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Teetor, on big jobs or ones with many variables, I usually do bring them back to the office, but before I go, I always set an appointment to come back and deliver the proposal, hopefully when both husband/wife or buying principal are there. But for most (85%) paint jobs, it can be done on site. I pm'ed you and sent email about the mobile office system, never got a response. You still want a copy?
 

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ProWallGuy said:
Teetor, on big jobs or ones with many variables, I usually do bring them back to the office, but before I go, I always set an appointment to come back and deliver the proposal, hopefully when both husband/wife or buying principal are there. But for most (85%) paint jobs, it can be done on site. I pm'ed you and sent email about the mobile office system, never got a response. You still want a copy?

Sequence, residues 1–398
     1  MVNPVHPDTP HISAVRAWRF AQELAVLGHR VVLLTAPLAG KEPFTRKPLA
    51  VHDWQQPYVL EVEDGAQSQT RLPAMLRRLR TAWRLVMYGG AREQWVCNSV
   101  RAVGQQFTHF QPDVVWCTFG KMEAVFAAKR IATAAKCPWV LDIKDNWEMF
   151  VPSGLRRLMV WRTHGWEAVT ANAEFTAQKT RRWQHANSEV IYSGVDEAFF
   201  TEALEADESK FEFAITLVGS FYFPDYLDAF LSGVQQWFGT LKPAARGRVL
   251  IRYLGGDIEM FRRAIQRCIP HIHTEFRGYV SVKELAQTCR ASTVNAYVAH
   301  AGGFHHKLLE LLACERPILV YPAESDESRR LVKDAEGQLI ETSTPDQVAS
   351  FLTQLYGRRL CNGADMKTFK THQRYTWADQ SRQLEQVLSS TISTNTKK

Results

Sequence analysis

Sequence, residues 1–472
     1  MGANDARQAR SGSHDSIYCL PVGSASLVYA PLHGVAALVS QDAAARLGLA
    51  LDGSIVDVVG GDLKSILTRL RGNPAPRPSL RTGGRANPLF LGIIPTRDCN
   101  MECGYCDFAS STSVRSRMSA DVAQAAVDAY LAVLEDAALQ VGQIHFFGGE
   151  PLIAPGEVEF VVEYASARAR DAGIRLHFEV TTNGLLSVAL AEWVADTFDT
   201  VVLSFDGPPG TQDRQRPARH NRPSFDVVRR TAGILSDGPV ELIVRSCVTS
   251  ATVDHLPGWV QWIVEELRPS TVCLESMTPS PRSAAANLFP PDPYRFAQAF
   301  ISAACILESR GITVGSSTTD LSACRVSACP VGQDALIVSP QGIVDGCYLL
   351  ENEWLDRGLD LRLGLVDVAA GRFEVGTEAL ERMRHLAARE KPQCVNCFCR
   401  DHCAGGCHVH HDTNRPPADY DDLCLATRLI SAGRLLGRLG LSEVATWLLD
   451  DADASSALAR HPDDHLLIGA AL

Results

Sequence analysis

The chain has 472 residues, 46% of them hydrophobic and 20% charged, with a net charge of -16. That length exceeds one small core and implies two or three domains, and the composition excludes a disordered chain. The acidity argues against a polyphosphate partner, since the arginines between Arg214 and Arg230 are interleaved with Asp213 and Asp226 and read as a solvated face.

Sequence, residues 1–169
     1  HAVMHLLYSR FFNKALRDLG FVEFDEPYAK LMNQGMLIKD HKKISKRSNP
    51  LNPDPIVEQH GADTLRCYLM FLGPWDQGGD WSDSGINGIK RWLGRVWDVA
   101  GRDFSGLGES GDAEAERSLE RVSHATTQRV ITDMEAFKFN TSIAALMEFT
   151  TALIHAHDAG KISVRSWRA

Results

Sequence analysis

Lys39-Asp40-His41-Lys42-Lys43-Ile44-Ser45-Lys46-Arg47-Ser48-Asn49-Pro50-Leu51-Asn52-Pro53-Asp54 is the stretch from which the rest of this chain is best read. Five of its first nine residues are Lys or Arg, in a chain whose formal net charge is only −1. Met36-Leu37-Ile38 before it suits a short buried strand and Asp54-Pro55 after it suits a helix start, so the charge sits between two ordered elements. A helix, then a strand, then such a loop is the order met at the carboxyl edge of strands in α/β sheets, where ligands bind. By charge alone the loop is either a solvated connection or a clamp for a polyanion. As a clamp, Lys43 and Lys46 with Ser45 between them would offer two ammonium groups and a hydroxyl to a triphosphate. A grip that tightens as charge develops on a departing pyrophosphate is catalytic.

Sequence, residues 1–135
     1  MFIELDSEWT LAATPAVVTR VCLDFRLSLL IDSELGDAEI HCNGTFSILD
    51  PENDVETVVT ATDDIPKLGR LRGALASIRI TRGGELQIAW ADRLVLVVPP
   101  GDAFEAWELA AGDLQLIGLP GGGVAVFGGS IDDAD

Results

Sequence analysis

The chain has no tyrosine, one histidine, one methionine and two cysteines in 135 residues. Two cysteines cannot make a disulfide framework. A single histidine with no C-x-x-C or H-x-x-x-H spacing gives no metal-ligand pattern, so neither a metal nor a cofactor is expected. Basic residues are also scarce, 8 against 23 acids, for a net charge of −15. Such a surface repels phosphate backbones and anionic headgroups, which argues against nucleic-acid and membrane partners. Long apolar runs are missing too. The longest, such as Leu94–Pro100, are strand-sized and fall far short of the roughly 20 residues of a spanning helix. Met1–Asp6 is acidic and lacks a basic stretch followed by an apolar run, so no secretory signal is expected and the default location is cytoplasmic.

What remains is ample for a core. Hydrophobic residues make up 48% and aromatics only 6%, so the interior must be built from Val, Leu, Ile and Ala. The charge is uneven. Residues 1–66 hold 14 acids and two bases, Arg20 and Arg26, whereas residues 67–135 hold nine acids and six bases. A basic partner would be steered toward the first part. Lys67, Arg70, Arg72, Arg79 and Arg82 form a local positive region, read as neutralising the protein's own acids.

Mobile office system? For painters?
 

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I have a laptop and printer in the car.
I have folders and pre-printed warranty docs and back of contracts ready to go.

I have my estimates set up so I just type in clients name/address/ and measurements and then hit print. Mold Disclosure form, payment terms, and contract are ready in minutes. Then I bring everything back in and show the client about 20 referrals and copies of my insurance docs.

My win rate is 40-50% :D
 

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Pro, I'm still interested. Don't know what happened.
Granite countertops are HUGE right now, they are usually my biggest hangup. The prices are like the spot market.
 

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I have a laptop and printer in the car.